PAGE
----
OK so today I continued on with more groups telling that same Billy Goats Gruff story. We may act it out or draw a picture of a troll or goat. I happen to have a very short/easy reading version on the story, so perhaps I’ll have the older Ss read it.
    Kathrin can you pls re-state what other extensions you might do with a story that you tell? Which extensions for the youngest (emerging literate) and which for the say middle elementary – 3-4th graders?
    My big take-away again is the more copious and continuous input – more sounds and meaning washing over them.

    1. Hi Alisa,

      I’m just back from vacation… I don’t really do extension activities from the stories. SL is a core method and the goal is to tell as many stories as possible to get to story-reading and FVR eventually. The drawing/ summary afterwards are a quick way to check for comprehension. I do songs and games with the little ones, but they are not based on the story. I also do lots of TPR and some MovieTalk. Anything to get them moving and interested. My older ES kids love TPR in groups (I call them Gummibaerchen, Marzipan and Schokolade). The weirder, the better. Ben’s director’s cue list is great for this!

      1. to think of it.. ALL my classes love that kind of stuff. It’s low pressure in groups, no one is singled out and they get to move around. Controlled craziness! Oh and I have done some Yoga in class and that’s always fun, too. Especially with the animal positions and the sounds that go with them. I repeat a similar sequence over weeks as a relaxation element. Even the first graders love it and you get the occasional Yogi, which is super cute. There are Yoga books for kids, too. They have stories with the positions that can be modified.

  4. …my big take-away again is the more copious and continuous input โ€“ more sounds and meaning washing over them….

    And, as I am beginning to see, washing THROUGH them into the unconscious. It may seem to some of those who have been reading here for all the years that that is all I say, about the unconscious. That is because in my opinion it is all about the unconscious, but we act like it’s only kind of about the unconscious. The research is so specific on this point and we seem to give it mere lip service. We like to think we do the work. We drive delivery trucks. That is all we do. We work in the service of something far greater than ourselves.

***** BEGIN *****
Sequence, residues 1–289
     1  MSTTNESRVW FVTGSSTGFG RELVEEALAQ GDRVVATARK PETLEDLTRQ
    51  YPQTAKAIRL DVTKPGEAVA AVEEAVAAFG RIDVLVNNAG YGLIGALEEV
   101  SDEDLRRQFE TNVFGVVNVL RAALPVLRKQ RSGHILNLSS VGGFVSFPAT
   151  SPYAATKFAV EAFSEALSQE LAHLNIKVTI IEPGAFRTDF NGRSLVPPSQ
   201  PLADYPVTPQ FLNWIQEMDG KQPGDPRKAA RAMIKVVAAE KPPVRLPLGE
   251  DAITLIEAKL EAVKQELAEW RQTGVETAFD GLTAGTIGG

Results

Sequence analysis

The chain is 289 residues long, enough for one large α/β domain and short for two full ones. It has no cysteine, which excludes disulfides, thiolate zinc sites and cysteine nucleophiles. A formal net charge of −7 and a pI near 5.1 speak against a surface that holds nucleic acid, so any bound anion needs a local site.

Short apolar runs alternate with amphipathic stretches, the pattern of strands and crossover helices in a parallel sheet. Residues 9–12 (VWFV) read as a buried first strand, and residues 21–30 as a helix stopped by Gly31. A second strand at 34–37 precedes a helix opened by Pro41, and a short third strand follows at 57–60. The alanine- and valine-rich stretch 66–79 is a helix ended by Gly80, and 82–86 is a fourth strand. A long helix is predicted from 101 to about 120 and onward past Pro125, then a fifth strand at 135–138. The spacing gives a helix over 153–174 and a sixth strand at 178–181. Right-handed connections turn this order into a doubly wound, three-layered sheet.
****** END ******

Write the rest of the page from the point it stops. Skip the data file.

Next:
5. Thanks Kathrin for paving the way for us here. It is all quite impressive what you do. Someone might say, “You’re just telling a story to the kids.” But there is so much involved as the back-story to this one classroom experience of building trust and community and kindness and playfulness. On top of all that, you are a professional dry erase board drawing artist! I definitely need to work on my drawing skills.

    The closest I’ve gone to unfettered Story Listening is having students spend 5+ minutes at the beginning of the class to write about something that happened to them over the weekend. I chose, I think it was, 4 stories total in the class period. Some were like 2 minutes long. One went on for probably 7 minutes. It was about a student that was approached by a stranger in Starbucks for a cup of coffee.